Ferry over to Morocco, then enjoy an orientation tour of the city. Afterwards, you're free to explore Chefchaouen where you can discover its hidden charms and soak up some if its Andalucian heritage. Cut into the sides of two mountains, Chefchaouen is a vista of blue and white lime-washed houses huddled into narrow alleyways. On of the most rewarding things to do is to simply relax on the terrace of a cafe in the central medina, where you can enjoy the ambience of this charming town. The djellaba, the traditional hooded garment worn by the men and women of North Africa, was created here. Chefchaouen is a great place to check out many of Morocco's ancient crafts. Visit one of the many traditional oil mills, a weaving workshop, basket-making and its pottery. You may like take part in a pottery workshop and create your own masterpiece. Don't miss a visit to one of the village's unusual communal attics or the chance to sample the local goats' milk cottage cheese. Yum!
Transfer by bus to the town of Fes. Start exploring in the ancient labyrinth of the medina and if you find your way out you can head to the leather tanneries and dye pits. The whole medina itself will whisk you back in time as you wander the alleyways which have barely changed in appearance since medieval times. When in Morocco, it is also all about the food. Fes is known for its extravaganzas of mezas (small plates of food) common among Fassis tradition. Mezas may include such delights as : choukchouka salad, zaalouk salad, carrots with cumin seed, raisin and orange salad, cold radish, orange, and fennel salad—don't miss trying a few. There's plenty of time to take a side trip to some of the other worthwhile sights in the area, too. The charming town of Meknes, another of Morocco's Imperial Cities, is a short day trip from Fes where you can explore the old palace and granaries or try out your tastebuds on a camel burger! The spectacular Roman ruins of Volubilis can also be found just a short ride away, either en route to or from Meknes. This sprawling and well preserved site evokes images of Romans lounging in bath houses or feasting under the cyprus trees. We will be staying in the the new city of Fes, built by the French during their Protectorate of Morocco. This area has the feel of a French provincial town, with its cafés, restaurants and wide boulevards. Head off for a Moroccan feast at one of the many restaurants and finish off the night with some famous Moroccan mint tea and a shisha! Approx travel time: 4 hrs (public bus)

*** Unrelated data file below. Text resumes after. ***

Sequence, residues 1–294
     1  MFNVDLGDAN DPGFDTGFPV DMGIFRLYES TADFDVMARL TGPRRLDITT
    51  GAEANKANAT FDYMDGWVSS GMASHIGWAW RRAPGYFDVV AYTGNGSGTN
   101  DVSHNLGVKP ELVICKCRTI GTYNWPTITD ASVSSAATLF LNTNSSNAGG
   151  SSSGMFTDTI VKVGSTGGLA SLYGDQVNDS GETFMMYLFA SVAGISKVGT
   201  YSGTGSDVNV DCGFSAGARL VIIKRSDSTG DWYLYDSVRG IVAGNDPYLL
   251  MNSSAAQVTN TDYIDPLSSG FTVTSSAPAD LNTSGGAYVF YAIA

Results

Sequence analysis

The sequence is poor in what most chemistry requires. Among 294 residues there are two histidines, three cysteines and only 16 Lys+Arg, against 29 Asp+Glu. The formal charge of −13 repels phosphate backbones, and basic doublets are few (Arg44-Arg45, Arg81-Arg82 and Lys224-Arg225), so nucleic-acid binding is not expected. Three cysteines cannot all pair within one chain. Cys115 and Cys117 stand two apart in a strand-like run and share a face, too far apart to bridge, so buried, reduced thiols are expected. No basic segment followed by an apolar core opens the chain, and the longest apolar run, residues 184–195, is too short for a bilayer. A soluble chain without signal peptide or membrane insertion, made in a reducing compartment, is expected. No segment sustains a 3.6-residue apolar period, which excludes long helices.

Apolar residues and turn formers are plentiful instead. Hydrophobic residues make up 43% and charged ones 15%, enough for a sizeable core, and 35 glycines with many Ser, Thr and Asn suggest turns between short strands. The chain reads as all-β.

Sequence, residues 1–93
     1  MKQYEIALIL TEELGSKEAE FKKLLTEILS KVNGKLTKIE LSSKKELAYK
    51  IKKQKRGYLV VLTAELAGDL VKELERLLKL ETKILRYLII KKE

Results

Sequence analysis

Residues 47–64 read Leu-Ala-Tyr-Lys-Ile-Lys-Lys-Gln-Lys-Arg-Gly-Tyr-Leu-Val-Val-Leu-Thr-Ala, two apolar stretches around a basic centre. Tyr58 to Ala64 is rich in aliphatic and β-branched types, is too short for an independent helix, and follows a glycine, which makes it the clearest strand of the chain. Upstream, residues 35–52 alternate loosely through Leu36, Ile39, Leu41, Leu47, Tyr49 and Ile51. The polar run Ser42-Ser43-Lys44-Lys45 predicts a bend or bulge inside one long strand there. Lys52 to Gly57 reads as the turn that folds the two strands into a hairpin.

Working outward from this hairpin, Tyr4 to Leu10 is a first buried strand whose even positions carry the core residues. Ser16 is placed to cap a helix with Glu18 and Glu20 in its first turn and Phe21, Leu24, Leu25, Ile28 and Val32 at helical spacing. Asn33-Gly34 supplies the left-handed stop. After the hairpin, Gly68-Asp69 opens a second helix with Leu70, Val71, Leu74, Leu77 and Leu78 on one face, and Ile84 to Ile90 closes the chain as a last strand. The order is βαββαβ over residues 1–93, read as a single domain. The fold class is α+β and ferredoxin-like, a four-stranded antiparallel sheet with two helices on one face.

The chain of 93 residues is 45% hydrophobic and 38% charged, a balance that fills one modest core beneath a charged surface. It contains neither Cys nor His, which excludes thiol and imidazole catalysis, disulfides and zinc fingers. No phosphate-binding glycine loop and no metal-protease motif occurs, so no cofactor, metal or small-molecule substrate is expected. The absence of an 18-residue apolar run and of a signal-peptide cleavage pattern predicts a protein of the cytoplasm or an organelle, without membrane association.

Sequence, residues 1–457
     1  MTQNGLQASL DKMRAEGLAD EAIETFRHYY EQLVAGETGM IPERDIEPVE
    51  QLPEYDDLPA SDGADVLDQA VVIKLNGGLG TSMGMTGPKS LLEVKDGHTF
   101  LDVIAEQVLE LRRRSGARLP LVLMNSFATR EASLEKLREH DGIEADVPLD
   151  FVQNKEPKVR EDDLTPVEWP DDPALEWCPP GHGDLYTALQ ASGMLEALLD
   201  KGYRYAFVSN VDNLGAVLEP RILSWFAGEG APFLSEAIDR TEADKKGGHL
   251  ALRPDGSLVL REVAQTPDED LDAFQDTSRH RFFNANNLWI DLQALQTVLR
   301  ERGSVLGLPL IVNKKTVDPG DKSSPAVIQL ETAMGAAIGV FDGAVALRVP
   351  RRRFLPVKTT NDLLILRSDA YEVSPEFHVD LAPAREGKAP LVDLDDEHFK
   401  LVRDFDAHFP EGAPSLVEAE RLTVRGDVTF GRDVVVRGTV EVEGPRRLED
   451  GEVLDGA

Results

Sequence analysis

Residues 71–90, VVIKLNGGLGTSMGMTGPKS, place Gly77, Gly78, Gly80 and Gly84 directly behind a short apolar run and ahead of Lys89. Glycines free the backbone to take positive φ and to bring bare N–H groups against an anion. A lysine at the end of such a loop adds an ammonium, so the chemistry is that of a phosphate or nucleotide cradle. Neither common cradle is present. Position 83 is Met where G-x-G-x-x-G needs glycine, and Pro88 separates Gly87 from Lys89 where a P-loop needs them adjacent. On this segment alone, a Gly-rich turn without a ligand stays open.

Step back in time in the Old Medina, admire the spectacular Hassan II Mosque (second largest in the world after Mecca!), explore the art deco quarter or lounge on Casablanca's long sandy beach.
A great place to start your exploration of Marrakech is Djemaa el Fna square, the heart of Marrakech, that changes its offerings throughout the day. In the morning you’ll wander past the fresh orange juice stalls, water sellers in colourful costumes with traditional leather water bags and brass cups, and snake charmers reminiscent of an era past. As the day progresses the snake charmers are replaced by Chleuh dancing-boys, story-tellers, magicians, and peddlers of traditional medicines. As the sun sets, the square fills with dozens of food-stalls, packed with locals and the entertaining chefs and waiters. Grab a spot on a bench with the other diners and try the Tanjia (slow cooked lamb), Harira soup, grilled seafood, famous Moroccan couscous, tajine, snails or even sheep’s head for the truly adventurous, and wash it all down with some spiced tea. To really get a taste of everyday life in Marrakech, head into the maze of tiny streets and alleyways of the ancient medina. Tourists and locals alike will find everything they desire in the souks, whether it’s spices, traditional jalabas and slippers, or famous Moroccan lanterns, the selection here is exhaustive, and don’t forget to bargain, it's definitely part of the fun!!! For history and architecture buffs Marrakech is sure to dazzle. The Koutoubia Mosque, Bahia Palace, Saadian Tombs, Ben Youseff Medersa and Almovid Koubba are all easy to get to and well worth a visit. Once you’ve tired yourself out, relax at one of the tea houses around the square, indulging in the ubiquitous sweet mint tea, watching the hustle and bustle from your shady spot.
Depart at any time.